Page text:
(3) ANIMATED TREK. Tor.com has assembled a wealth of “New Details and Trailers Out for Star Trek‘s Animated ‘Short Treks’”.

Before the end of 2019, Star Trek will boldly do something it has never done in the 21st century before: Tell stand-alone stories in an animated format. It’s been known for a while that the final two Short Treks of 2019 would be animated, but we didn’t know what they’ d be about, or how they would even look…until now!

(4) TRANSCRIPTS FROM THE UNDERGROUND. Ursula V’s dungeon party reports in. Thread starts here.

(5) CAPTAIN FUTURE. Amazing Selects™ will launch with the release of Allen Steele’s Captain Future in Love, a novella originally serialized in Amazing Stories magazine that “continues the adventures of Edmond Hamilton’s pulp adventure hero Curt Newton, aka Captain Future, rebooted and updated in Allen Steele’s inimitable Neo Pulp style.”

Amazing Selects ™ is a new imprint from Experimenter Publishing Company LLC that will feature stand-alone novella-length works, in both print and electronic formats.

The new Captain Future, originally introduced in Steele’s Avengers of the Moon (Tor, 2017),  “brings golden age science fiction into the modern era presenting classic space opera adventure with modern sensibilities.”

The edition features concept art by Rob Caswell, interior illustrations by Nizar Ilman and non-fiction features by Allen Steele.

Captain Future in Love is available through Amazon in paperback and ebook and through the Amazing Stories store.

(6) NOBODY’S KEEPING SCORE. The new edition of the BBC Radio 4 Film Programme “Emma Thompson” is mainly about the Last Christmas film, but includes two other segments of genre interest. Hear it online for the next four weeks.

Emma Thompson has written 6 films in which she also stars. Last Christmas is the latest. She explains why she sometimes has to bite her tongue when actors deliver her lines in ways that she hadn’t quite imagined.

Neil Brand reveals how the ground-breaking score to cult classic Forbidden Planet was a last minute replacement and why the original composer decided to destroy his rejected score.

“Apocalypse Now meets Pygmalion”. Matthew Sweet pitches a long forgotten science fiction novel to film industry experts Lizzie Francke, Rowan Woods and Clare Binns.

(7) TUNE IN AGAIN. Also on BBC Radio 4 is a production of Doris Lessing’s The Good Terrorist. Available for the next 11 days.

First-ever dramatisation of Doris Lessing’s 1985 satire of incompetent revolutionaries in a London squat. Starring Olivia Vinall and Joe Armstrong, dramatised by Sarah Daniels.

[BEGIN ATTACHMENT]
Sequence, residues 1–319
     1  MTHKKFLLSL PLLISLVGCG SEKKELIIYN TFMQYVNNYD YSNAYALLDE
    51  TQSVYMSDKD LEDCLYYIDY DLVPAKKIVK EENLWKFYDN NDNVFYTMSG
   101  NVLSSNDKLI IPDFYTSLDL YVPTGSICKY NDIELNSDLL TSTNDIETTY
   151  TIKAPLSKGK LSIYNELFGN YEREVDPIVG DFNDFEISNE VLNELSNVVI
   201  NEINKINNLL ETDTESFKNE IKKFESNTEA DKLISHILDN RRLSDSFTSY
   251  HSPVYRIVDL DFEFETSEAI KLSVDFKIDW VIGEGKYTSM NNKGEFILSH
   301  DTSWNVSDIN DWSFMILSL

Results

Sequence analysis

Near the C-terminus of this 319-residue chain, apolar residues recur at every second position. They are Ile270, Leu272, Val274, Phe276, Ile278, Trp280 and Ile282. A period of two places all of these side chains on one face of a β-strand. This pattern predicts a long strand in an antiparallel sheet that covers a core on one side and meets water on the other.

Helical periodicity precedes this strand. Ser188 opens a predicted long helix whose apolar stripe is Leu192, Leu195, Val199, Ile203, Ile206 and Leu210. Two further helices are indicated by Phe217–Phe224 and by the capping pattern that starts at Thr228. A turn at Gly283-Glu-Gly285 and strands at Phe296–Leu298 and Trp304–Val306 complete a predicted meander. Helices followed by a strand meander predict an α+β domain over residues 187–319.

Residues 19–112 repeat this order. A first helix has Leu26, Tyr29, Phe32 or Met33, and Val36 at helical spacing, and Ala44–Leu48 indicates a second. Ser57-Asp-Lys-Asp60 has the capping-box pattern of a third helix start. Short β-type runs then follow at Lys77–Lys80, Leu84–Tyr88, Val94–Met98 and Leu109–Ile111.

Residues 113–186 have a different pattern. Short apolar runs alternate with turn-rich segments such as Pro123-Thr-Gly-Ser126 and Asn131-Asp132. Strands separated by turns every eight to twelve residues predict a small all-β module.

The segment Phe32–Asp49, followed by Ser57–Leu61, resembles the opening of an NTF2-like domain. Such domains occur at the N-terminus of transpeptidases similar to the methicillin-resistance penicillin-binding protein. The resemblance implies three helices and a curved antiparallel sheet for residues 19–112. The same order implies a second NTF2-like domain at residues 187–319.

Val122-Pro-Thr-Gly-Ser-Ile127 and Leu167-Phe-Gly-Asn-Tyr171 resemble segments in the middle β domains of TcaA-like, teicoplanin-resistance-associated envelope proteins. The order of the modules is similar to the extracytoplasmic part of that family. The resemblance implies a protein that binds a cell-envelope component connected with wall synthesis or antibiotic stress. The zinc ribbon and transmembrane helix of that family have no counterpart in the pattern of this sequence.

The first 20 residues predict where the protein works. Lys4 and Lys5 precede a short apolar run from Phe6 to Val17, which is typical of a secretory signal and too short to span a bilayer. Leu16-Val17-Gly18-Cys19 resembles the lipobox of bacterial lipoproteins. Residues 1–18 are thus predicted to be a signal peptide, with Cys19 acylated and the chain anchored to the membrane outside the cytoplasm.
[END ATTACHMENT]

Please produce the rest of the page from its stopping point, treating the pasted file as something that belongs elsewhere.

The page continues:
(8) EATING THE FANTASTIC. Scott Edelman invites listeners to nibble naan with artist Paul Kirchner in Episode 109 of the Eating the Fantastic podcast.

Paul Kirchner.

I’ve been attending the Maryland-based indie comics convention SPX — that is, the Small Press Expo — for 15 or so of its 36 years, and this time around took the opportunity to dine with artist Paul Kirchner, who breathed the same comic industry air I did during the ’70s.

Paul broke into comics in the early ‘70s through a fortuitous series of events which had him meeting the legendary comics artist Neal Adams, who introduced him to DC Comics editor Joe Orlando, and within the week getting a gig as assistant to Tex Blaisdell helping him out on the Little Orphan Annie comic strip and stories for DC’s mystery books. He also worked for awhile as assistant to the great EC Comics artist and Daredevil innovator Wally Wood. He moved on from mainstream comics to draw two wonderfully surrealistic strips — “Dope Rider” for High Times and “the bus” for Heavy Metal. His wide-ranging creative resume also includes a graphic novel collaboration with the great writer of detective novels Janwillem van de Wetering, designs for such toy lines as Dino-Riders and Spy-Tech, and much more.

(9) RAINBOW OVER AND UNDER. Will this Andy Weir collaboration make it to the screen? The Hollywood Reporter covers the deal: “Amblin, Michael De Luca Tackling ‘Martian’ Author’s Fantasy Graphic Novel ‘Cheshire Crossing'”.

…The fantasy mashup tells the story of Dorothy from The Wonderful Wizard of Oz, Alice of Alice’s Adventures in Wonderland and Peter Pan‘s Wendy, who meet in boarding school for troubled young ladies. They each believe they’ve traveled to a fantastical world but no one else does. When their world-hopping sees Captain Hook and the Wicked Witch of the West team up to combine their magical villainy, the trio must band together to thwart them.